A 10-year project in the making, the gargantuan cultural beacon is made of biomorphically curved concrete walls that wind together like a knot of arteries, creating an otherworldly experience for arts patrons. It’s every bit the landmark project you’d expect from 2013’s Pritzker Prize Laureate, but its rapidly approaching completion triggered a vital question: Where to go from here?
Kengo Kuma (born 8th August, 1956) is one of the most significant Japanese figures in contemporary architecture. His reinterpretation of traditional Japanese architectural elements for the 21st century has involved serious innovation in uses of natural materials, new ways of thinking about light and lightness and architecture that enhances rather than dominates. His buildings don't attempt to fade into the surroundings through simple gestures, as some current Japanese work does, but instead his architecture attempts to manipulate traditional elements into statement-making architecture that still draws links with the area its built in. These high-tech remixes of traditional elements and influences have proved popular across Japan and beyond, and his recent works have begun expanding out of Japan to China and the West.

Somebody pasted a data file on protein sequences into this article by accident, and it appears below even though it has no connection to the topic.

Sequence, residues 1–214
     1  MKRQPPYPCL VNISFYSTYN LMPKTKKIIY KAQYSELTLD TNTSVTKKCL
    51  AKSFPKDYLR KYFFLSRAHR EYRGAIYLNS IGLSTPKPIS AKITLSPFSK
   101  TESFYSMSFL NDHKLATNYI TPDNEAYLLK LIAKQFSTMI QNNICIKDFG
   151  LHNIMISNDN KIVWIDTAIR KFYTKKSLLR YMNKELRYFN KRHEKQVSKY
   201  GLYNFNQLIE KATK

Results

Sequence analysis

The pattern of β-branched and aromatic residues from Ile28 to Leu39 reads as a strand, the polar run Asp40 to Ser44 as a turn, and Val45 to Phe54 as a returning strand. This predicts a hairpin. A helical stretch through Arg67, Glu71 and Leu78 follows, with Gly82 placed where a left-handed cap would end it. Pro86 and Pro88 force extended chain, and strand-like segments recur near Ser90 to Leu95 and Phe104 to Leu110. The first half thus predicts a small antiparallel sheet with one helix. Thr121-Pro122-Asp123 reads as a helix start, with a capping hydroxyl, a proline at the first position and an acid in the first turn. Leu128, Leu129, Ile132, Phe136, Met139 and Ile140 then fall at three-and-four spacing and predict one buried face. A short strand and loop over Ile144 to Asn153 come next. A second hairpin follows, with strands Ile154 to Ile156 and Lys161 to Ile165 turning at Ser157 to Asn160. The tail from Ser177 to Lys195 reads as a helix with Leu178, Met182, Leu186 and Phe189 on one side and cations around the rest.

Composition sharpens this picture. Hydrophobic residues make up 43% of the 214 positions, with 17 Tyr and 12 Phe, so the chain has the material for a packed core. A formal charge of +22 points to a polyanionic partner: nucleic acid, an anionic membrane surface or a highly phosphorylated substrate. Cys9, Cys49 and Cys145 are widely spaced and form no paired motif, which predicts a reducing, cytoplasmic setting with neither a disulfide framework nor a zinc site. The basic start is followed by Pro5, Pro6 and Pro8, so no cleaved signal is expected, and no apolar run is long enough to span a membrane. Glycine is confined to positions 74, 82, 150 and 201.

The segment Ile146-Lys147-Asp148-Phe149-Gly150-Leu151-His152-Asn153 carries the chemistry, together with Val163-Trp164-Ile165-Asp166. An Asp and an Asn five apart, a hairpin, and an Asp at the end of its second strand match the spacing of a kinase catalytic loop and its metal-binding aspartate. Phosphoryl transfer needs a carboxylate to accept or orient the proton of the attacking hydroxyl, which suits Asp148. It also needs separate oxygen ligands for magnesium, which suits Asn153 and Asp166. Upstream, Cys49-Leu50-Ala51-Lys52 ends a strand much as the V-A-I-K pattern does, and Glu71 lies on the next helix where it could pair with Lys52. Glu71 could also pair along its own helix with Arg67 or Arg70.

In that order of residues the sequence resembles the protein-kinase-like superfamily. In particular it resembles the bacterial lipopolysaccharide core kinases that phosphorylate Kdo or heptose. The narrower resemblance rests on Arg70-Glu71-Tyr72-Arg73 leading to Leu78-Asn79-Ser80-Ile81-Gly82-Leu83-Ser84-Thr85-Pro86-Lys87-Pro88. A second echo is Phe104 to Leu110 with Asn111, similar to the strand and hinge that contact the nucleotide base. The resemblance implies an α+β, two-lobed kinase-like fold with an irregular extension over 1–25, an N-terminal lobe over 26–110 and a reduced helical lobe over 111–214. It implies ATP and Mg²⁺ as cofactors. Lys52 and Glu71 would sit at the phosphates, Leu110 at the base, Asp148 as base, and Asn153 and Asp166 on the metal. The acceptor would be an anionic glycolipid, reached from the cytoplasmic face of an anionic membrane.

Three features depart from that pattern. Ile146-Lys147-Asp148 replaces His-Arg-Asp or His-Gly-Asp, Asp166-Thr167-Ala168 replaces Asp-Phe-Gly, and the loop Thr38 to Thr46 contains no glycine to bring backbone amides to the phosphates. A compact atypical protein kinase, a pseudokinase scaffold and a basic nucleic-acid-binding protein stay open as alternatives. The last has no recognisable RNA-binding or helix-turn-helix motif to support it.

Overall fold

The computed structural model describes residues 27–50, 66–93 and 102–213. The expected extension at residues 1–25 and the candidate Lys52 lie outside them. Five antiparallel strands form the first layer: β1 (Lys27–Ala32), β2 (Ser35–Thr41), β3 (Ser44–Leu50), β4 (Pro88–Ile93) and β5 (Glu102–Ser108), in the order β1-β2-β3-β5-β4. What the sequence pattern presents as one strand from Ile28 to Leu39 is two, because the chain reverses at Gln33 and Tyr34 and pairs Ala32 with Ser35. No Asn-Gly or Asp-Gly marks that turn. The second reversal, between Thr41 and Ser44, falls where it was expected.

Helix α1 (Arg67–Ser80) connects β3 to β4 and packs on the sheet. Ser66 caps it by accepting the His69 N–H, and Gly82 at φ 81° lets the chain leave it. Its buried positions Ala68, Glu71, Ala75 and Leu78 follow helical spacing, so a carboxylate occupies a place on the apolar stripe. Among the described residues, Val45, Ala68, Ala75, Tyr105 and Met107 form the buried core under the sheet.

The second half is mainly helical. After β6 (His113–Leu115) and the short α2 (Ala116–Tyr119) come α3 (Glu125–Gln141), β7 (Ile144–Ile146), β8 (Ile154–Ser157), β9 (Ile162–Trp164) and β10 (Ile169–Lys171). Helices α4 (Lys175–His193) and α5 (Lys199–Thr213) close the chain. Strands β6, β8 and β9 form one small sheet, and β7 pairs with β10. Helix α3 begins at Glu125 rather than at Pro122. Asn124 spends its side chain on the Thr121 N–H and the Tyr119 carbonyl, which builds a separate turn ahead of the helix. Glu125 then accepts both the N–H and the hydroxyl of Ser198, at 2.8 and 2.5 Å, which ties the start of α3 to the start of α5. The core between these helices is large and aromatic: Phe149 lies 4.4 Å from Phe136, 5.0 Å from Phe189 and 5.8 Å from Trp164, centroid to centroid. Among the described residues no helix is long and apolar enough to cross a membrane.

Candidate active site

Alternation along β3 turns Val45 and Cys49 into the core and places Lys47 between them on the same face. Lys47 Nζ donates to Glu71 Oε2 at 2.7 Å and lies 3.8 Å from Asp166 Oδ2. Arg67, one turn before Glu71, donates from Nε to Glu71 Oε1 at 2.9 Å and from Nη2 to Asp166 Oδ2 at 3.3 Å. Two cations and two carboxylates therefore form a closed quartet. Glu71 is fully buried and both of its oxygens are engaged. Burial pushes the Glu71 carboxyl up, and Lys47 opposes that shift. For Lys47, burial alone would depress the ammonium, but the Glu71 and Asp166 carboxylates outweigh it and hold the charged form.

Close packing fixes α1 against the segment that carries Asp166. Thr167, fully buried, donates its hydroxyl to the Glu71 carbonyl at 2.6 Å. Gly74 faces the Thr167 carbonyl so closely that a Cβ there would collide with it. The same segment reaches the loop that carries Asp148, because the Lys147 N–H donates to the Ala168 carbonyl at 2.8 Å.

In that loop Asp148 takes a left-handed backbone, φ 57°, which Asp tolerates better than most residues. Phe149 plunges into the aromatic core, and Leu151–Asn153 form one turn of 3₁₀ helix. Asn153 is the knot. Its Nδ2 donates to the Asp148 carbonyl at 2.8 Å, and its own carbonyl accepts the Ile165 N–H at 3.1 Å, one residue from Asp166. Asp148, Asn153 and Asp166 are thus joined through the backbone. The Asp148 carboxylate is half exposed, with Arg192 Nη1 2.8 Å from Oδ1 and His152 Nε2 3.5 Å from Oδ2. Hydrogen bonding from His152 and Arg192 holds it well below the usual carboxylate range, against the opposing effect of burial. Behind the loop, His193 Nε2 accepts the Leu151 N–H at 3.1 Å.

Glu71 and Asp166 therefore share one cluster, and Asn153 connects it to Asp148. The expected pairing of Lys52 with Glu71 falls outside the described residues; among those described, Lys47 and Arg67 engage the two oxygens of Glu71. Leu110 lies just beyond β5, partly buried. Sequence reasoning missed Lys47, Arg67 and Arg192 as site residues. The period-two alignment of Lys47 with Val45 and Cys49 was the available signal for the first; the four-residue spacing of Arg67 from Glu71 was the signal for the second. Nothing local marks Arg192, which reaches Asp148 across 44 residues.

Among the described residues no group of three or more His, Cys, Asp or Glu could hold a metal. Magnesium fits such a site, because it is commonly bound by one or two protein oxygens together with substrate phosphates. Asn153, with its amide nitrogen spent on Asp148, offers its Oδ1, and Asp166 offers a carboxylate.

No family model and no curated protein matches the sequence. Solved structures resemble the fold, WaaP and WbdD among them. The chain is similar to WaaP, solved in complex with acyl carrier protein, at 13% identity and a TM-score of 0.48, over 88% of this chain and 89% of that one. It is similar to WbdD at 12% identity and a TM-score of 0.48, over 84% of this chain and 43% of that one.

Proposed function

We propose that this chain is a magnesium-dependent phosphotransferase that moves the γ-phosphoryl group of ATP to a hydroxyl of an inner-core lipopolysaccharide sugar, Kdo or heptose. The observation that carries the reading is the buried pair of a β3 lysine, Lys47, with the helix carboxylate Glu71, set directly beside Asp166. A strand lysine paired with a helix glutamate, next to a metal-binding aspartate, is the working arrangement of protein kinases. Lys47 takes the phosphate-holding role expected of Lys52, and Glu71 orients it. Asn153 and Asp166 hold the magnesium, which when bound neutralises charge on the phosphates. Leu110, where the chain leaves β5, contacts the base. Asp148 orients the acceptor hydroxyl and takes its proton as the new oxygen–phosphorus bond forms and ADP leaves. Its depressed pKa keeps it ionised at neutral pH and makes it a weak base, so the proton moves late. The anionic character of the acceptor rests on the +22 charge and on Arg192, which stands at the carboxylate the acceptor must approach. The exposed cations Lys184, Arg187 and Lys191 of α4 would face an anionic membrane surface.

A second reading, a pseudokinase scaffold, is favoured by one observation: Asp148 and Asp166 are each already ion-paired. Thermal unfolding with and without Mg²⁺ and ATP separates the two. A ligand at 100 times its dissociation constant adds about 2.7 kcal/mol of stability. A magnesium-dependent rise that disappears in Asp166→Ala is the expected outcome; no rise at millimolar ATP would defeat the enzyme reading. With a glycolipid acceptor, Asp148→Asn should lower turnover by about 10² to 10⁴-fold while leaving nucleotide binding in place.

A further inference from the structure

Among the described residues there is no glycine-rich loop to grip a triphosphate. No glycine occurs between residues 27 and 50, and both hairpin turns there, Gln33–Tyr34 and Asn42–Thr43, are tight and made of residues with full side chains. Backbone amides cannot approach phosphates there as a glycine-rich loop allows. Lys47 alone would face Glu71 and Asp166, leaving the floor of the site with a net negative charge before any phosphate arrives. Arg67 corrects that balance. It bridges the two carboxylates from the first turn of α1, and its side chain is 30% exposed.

Nevertheless, a quiet period doesn't mean there weren't some great discussions had in the comments over the past two weeks, with opinions shared on the success of BIG, the problem of negativity in architecture, and more. Read on to find out what our readers had to say.
Global companies often exploit architectural icons to transform physical form into their desired brand reputations. To help achieve this goal, after twilight, the natural qualities of buildings have often been supplemented by architectural lighting, as the facades call unmistakeably for attention with their colorful and dynamic illumination. Representation has become the leading motivation for upgrading the lighting at headquarters and retail outlets. But when the illumination evolves into spectacular gestures, the brand identity and architecture itself starts to fade. Hence, the struggle for individuality has revived the discussion about ornament – though ornament appears now as light.
Japanese design has long had a defining impact on other cultures from all over the world; as early as the mid-nineteenth century, fashionable collectors in Europe exchanged artifacts from Japan, and Frank Lloyd Wright was famously influenced by their distinctive architecture after a trip to the country in 1905. In recent decades, Japan has been one of architecture's superpowers, producing seven Pritzker Prize laureates in under 30 years. And, while Japan's Pritzker winners are widely revered, they are far from the only players on the scene, with a new wave of young Japanese architects now emerging behind internationally acclaimed names such as Sou Fujimoto.
In this new series of interviews titled "Japan's New Masters," Ebrahim Abdoh speaks to both the established and emerging architects of Japan's dynamic architectural scene. The first interview of the series is with Yuko Nagayama, founder of Yuko Nagayama and Associates.